Crossing a NW-SE section of the River Boyne with the steep sides of the valley rising immediately on the NE side and c. 80m from the river bank on the SW side. Edward Bruce’s army crossed the river at Slane in 1317, but it is not known if a bridge facilitated this. If there was a bridge, it did not survive the flood of 1330. There is a reference to a bridge at Slane in 1599, and the bridge is depicted on the Down Survey (1656) barony and parish maps of Slane. It seems to have been provided with a gate as the Civil Survey (1654) describes ‘a Stone Bridge with an ould castle thereon’ (Simington 1940, 343). The bridge at Slane is marked on Moll’s map of 1714 and on Taylor and Skinner’s 1778 map of the roads of Ireland (Andrews 1969, 41). (O’Keefe and Simington 1991, 153-6; 2016, 172-80)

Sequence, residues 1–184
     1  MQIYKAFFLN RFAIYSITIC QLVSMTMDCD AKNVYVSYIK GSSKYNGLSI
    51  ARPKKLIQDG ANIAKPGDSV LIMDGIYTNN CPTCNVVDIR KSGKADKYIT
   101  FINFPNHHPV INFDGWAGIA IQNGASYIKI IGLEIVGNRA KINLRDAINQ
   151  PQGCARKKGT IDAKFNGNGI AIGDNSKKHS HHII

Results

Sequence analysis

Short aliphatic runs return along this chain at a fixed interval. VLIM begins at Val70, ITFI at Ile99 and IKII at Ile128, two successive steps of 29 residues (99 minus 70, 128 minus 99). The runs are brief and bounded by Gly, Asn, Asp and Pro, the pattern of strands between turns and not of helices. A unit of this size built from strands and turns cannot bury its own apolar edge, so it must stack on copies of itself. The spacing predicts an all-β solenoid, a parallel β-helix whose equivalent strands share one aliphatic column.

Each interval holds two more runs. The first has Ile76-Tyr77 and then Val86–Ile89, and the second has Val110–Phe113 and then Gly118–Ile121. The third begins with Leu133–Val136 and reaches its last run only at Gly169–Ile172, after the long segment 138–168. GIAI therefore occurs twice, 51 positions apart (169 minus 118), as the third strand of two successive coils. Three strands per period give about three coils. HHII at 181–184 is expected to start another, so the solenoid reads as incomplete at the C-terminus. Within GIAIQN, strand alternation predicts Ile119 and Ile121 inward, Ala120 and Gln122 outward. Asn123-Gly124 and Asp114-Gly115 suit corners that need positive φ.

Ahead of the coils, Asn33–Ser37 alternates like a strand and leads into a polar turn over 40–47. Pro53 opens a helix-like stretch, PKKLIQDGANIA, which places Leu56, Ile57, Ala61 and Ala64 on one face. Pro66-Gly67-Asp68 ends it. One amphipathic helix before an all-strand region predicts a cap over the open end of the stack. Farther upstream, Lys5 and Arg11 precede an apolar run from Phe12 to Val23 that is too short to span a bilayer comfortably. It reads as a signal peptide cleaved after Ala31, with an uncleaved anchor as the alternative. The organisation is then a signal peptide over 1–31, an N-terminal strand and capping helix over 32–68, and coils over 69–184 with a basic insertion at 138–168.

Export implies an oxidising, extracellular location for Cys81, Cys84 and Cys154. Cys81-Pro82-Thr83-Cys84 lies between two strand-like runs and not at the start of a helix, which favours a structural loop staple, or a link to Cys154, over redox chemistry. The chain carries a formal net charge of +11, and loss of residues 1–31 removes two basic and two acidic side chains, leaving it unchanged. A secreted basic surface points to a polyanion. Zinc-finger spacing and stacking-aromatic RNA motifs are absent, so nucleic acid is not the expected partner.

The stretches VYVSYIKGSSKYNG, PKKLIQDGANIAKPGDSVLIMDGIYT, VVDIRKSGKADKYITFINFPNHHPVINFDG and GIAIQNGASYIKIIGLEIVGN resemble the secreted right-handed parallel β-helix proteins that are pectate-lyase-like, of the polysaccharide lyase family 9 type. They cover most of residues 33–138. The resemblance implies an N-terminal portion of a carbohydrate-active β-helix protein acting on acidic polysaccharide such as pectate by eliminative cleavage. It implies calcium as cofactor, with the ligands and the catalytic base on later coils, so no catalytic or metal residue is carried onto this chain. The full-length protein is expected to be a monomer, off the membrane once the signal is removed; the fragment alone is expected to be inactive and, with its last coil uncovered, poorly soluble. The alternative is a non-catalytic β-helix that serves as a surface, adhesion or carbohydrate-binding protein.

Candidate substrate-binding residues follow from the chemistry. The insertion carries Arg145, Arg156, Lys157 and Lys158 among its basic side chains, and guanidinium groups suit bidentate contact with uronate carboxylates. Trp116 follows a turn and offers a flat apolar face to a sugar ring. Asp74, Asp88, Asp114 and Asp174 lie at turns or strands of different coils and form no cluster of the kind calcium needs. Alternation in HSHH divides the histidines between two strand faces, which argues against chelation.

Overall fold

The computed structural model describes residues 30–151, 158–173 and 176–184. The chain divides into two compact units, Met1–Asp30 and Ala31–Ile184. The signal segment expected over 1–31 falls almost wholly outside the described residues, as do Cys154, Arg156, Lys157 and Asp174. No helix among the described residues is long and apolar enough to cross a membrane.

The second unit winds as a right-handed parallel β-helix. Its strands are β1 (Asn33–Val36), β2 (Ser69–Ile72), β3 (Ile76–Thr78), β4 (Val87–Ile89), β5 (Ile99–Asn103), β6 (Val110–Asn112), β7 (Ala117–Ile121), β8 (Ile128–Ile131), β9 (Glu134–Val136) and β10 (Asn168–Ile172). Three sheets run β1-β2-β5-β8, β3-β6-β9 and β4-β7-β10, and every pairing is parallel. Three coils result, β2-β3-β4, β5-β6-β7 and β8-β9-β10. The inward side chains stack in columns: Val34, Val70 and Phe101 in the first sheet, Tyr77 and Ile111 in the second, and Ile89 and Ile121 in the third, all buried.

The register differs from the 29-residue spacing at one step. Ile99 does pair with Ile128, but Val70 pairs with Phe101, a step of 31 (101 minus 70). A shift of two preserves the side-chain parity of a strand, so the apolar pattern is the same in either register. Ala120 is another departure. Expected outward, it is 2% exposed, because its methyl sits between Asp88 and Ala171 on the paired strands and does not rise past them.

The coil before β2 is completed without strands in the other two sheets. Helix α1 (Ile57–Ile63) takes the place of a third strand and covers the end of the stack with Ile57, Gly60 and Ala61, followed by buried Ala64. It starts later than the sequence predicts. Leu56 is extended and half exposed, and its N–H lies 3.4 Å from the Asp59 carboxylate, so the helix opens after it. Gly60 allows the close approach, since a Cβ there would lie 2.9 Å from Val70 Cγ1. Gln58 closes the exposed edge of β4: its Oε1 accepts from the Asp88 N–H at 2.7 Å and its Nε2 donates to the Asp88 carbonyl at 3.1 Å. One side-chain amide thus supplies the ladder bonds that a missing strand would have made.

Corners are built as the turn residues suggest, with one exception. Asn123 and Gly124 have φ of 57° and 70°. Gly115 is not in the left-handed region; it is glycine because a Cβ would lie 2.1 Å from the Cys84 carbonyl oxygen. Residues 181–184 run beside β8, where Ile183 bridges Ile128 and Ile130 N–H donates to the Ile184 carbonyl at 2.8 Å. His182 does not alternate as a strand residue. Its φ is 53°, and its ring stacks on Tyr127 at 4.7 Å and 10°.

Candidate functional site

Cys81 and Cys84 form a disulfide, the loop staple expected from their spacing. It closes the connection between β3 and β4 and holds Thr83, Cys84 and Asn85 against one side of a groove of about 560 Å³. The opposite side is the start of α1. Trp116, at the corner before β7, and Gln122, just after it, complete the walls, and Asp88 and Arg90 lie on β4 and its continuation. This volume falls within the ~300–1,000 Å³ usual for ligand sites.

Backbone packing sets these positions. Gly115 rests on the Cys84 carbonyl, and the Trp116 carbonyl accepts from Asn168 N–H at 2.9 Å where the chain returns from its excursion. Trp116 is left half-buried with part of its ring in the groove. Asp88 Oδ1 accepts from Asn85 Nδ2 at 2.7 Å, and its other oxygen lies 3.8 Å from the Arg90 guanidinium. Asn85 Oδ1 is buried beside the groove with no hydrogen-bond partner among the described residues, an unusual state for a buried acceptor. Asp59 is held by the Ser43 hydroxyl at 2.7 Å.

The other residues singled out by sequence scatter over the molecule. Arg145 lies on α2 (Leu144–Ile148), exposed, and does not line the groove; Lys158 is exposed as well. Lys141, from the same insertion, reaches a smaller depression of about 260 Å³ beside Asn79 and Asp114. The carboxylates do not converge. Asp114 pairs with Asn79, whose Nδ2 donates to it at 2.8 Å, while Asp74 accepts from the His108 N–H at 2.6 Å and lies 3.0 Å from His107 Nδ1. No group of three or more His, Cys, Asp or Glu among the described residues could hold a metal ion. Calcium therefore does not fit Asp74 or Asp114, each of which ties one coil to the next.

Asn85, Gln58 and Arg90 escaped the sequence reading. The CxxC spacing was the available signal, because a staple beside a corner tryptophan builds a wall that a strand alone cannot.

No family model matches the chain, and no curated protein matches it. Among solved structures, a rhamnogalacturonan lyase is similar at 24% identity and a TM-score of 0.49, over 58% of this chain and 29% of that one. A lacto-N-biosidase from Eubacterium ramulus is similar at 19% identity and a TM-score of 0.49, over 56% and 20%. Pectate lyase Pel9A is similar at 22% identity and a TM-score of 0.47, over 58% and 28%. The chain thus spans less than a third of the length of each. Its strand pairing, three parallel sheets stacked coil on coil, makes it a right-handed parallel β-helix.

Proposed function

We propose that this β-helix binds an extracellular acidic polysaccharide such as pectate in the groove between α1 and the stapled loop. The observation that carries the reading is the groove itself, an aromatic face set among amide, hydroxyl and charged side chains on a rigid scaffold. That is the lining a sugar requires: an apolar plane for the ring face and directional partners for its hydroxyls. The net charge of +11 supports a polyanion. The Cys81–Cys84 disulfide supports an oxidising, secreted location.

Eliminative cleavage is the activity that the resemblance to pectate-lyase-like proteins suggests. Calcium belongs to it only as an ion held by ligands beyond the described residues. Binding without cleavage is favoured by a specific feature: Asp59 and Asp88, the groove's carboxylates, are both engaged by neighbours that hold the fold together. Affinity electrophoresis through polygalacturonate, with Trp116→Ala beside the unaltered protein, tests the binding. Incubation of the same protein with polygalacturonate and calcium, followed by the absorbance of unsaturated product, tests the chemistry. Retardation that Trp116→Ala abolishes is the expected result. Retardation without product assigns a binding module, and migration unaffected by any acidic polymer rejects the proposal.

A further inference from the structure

The bridge with the causeway on the SW side (total L c. 160m) has 13 arches. On the SE or down-river side seven of these have pointed or segmental arches that are probably in their original form. Five of these are in the river and the others are for overflow on the banks. The bridge was expanded in width as can be seen in the join under the arches. The SE side (Wth 4.8m) is original and the NW side (Wth 2.5m) was added and the piers provided with breakwaters, probably in the early nineteenth century.
The above description is derived from the published 'Archaeological Inventory of County Meath' (Dublin: Stationery Office, 1987). In certain instances the entries have been revised and updated in the light of recent research.
Compiled by: Michael Moore
Date of upload: 10 July 2007
Amended: 28 January 2021Description Source: Department of Housing, Local Government & Heritage